Ganesh Chaturthi believed to be the birthday of Lord Ganesha is celebrated on the fourth day of Hindu luni-solar calendar month Bhadrapada, which typically falls in the months of August or September of the Gregorian calendar. This year it will be celebrated on 13th september. On this day, beautiful handcrafted idols of the Lord Ganesha are installed both in homes and in extravagant temporary public structures built specially for the festival . Prana Pratishtha is performed to invoke the power of the deity into the idol, followed by a 16 step ritual known as Shodashopachara Puja. During the ritual, various offerings including sweets, coconuts, and flowers are made to the idol. The ritual should be performed at an auspicious time around midday, known as Madhyahna, when Lord Ganesh is believed to have been born.
Public preparations for the festivities begin months in advance. Locally called Mandapa or Pandals these temporary public structures are usually funded either from donations by local residents or hosted by businesses or community organizations. The making of the Murti usually begins with "Padya pooja" or worshipping the feet of Lord Ganesh. The Murti's are brought to "pandals" on the day or a day before the festival begins. These pandals have extravagant decoration and lighting.
At home, the festival preparation includes purchases such as puja items or accessories,fruits,flowers,sweets etc. and a small idol of Ganesha.In preparation for the festival, artisans create clay models of Ganesha also called Murti for sale. The Murti's range in size from 3⁄4 inch (1.9 cm) for homes to over 70 ft (21 m) for large community celebrations.The Murti is brought home either a day before or on the day of the ganesh chaturthi itself. Families decorate a small, clean portion of the house with flowers and other colorful items before installing the idol. When the Murti is installed, it and its shrine are decorated with flowers and other materials.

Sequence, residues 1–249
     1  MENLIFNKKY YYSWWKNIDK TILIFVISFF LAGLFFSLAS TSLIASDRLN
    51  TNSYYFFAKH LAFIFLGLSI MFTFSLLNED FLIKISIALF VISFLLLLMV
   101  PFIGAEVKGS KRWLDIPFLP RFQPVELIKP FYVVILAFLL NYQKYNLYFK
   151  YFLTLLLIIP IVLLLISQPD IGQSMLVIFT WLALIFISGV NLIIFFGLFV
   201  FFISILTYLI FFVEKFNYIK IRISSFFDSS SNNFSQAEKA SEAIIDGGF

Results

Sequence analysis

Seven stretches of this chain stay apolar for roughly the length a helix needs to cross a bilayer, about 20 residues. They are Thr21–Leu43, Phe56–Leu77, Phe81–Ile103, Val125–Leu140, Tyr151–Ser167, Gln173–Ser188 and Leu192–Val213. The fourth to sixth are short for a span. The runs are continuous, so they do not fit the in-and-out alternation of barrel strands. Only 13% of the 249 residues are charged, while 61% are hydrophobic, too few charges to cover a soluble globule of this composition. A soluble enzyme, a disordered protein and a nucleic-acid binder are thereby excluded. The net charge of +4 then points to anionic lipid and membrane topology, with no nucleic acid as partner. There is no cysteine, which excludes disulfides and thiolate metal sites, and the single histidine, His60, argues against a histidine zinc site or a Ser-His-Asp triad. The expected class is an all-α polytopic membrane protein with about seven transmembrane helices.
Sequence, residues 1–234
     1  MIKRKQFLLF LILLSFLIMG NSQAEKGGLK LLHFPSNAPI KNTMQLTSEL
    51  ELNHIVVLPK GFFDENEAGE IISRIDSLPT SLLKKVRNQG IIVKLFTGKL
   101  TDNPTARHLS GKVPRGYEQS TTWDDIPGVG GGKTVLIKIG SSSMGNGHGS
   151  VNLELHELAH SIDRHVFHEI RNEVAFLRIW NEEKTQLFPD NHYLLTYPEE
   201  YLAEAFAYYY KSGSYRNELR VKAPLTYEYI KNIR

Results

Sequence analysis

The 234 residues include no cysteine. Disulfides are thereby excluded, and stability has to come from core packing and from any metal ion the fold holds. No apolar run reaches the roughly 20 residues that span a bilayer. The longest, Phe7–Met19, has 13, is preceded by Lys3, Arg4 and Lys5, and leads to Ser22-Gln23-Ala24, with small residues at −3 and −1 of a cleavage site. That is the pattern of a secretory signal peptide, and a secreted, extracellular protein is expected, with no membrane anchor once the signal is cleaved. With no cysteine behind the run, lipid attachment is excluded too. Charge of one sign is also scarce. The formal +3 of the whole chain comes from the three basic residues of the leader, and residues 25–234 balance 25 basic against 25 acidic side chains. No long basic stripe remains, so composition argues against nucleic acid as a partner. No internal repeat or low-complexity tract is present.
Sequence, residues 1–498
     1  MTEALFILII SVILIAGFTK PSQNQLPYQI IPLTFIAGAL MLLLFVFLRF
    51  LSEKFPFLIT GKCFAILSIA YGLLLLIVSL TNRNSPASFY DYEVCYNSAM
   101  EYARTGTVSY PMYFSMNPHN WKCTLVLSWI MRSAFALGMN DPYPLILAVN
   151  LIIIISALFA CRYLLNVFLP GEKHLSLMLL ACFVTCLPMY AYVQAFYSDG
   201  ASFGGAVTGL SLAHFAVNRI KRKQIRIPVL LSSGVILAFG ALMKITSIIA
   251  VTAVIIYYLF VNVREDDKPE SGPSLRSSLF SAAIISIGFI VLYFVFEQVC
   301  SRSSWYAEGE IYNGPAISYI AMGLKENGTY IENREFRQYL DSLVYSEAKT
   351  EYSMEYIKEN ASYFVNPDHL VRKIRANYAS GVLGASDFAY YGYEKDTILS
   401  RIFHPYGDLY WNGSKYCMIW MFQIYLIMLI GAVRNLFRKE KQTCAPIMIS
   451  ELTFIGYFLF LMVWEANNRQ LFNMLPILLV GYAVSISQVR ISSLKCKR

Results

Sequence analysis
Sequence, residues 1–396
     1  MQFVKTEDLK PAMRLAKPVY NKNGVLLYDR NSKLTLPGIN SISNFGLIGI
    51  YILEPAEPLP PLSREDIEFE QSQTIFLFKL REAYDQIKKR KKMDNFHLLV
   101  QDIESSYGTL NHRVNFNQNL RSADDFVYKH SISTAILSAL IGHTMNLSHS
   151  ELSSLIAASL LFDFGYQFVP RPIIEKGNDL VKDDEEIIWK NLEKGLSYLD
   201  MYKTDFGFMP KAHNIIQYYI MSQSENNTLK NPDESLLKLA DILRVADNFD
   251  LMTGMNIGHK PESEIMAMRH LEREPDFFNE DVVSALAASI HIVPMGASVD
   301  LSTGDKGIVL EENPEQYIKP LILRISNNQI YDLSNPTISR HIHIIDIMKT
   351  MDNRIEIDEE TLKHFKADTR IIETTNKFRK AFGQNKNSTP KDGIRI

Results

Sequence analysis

Even though each Hindu deity represents only a few aspects of the one Lord, devotees in India naturally tend to hold dearest one form more than another, for instance maybe Shiva more than Krishna, or Rama more than Kali, etc. However, all easily love and worship Lord Ganesha. He is said to be the remover of obstacles and a bringer of good fortune. Add to this his plump belly and cheerful nature, and it’s no wonder that everyone adores him! Therefore, before any worship is offered, or beginning any undertaking whatsoever, Ganesha is propitiated. This is why his image is found in all temples and on all altars. His blessings ensure smooth sailing!
The festival ends on the tenth day after start, wherein the idol is carried in a public procession with music and group chanting and immersed in a nearby waterbody such as a river or ocean. The clay idol dissolves and Ganesha is believed to return to Mount Kailash to his parents Parvati and Shiva.
The idol is immersed and the wait begin for the next year to come.